I am not yet issuing an Alert on this matter, but I am wrestling very hard with the urge to do so. I need some more hard information to justify such a drastic step, but for now my gut is telling me that something is about to break open.
More to come as this fast-breaking situation develops.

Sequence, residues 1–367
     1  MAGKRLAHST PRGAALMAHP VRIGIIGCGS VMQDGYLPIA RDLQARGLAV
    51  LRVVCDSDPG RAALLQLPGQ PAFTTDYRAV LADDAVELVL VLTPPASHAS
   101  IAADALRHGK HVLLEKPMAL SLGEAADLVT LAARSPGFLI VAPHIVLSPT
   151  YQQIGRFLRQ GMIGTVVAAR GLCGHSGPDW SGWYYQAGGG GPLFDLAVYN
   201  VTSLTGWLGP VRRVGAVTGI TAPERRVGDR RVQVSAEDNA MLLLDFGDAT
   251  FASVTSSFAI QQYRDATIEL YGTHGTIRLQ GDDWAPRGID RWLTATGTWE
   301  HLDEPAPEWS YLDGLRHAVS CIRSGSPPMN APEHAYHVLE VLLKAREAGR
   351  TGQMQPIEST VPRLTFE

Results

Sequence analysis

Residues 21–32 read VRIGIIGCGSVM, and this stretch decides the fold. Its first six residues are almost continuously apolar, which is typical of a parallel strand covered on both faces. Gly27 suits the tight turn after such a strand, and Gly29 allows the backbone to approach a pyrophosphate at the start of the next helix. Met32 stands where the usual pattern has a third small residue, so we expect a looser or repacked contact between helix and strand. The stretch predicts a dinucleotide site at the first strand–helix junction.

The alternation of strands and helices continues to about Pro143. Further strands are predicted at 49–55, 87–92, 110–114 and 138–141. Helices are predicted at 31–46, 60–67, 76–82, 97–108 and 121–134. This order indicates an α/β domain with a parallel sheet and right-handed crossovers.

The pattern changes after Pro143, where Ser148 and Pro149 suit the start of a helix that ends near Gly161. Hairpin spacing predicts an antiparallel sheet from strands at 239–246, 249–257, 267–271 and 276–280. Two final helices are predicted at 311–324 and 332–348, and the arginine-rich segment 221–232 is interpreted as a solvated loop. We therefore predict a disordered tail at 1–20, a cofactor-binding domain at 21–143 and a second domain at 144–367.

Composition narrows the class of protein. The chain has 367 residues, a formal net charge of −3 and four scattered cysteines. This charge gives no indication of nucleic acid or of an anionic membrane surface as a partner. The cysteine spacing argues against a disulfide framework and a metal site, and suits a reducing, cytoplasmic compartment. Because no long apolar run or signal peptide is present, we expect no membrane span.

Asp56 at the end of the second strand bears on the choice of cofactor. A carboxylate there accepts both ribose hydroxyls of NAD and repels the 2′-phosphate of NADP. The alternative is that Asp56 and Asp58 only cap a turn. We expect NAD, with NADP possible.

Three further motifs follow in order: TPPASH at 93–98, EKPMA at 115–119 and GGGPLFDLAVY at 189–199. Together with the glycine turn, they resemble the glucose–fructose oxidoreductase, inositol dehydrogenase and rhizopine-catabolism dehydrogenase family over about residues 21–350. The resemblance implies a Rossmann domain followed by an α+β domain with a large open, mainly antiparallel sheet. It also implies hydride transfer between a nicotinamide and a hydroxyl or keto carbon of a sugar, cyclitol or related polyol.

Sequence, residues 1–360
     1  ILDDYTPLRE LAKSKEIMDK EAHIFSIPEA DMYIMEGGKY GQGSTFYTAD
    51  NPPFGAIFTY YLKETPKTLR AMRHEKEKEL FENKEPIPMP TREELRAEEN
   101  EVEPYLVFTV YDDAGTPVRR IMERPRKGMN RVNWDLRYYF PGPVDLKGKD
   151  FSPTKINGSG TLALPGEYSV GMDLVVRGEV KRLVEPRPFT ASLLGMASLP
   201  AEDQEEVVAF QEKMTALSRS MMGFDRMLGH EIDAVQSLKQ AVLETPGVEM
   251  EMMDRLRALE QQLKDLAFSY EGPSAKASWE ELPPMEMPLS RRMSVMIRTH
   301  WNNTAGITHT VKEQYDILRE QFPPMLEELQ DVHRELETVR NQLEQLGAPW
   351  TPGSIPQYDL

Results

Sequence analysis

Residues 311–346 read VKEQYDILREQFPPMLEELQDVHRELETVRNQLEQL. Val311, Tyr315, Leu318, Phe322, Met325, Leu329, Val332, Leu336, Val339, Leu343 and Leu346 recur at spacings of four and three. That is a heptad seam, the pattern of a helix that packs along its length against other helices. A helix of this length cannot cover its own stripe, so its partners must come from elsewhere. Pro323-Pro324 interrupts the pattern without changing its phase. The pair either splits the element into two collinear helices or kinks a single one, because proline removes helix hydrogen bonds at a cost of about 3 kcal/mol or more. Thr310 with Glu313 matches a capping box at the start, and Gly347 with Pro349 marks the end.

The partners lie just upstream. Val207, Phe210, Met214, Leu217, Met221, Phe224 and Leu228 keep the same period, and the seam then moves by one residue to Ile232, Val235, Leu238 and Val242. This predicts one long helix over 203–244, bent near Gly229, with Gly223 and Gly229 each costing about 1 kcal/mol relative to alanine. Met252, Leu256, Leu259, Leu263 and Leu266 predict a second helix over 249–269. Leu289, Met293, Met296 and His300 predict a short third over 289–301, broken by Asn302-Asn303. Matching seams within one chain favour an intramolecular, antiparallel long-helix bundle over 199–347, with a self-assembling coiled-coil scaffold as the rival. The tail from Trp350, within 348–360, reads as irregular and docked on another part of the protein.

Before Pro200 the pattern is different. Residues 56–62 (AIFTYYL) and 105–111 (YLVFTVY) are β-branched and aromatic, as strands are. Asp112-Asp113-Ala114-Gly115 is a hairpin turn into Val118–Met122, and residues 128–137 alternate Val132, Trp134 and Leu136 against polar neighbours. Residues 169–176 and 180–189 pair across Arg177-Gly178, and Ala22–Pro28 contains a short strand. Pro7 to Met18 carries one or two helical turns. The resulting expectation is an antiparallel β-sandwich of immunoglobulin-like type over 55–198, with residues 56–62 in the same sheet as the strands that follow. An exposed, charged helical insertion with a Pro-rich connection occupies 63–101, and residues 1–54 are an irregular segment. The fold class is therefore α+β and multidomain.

Chris Martenson, PhD (Duke), MBA (Cornell) is an economic researcher and futurist specializing in energy and resource depletion. As one of the early econobloggers who forecasted the housing market collapse and stock market correction years in advance, Chris rose to prominence with the launch of his seminal video seminar, The Crash Course, which has also been published in book form (Wiley, March 2011). It's a popular and extremely well-regarded distillation of the interconnected forces in the Economy, Energy, and the Environment (the "Three Es," as Chris calls them) that are shaping the future, one that will be defined by increasing challenges to growth as we have known it. In addition to the analysis and commentary he writes for his site Peak Prosperity, Chris' insights are in high demand by the media as well as academic, civic, and private organizations around the world, including institutions such as the UN, the UK House of Commons, and US State Congresses.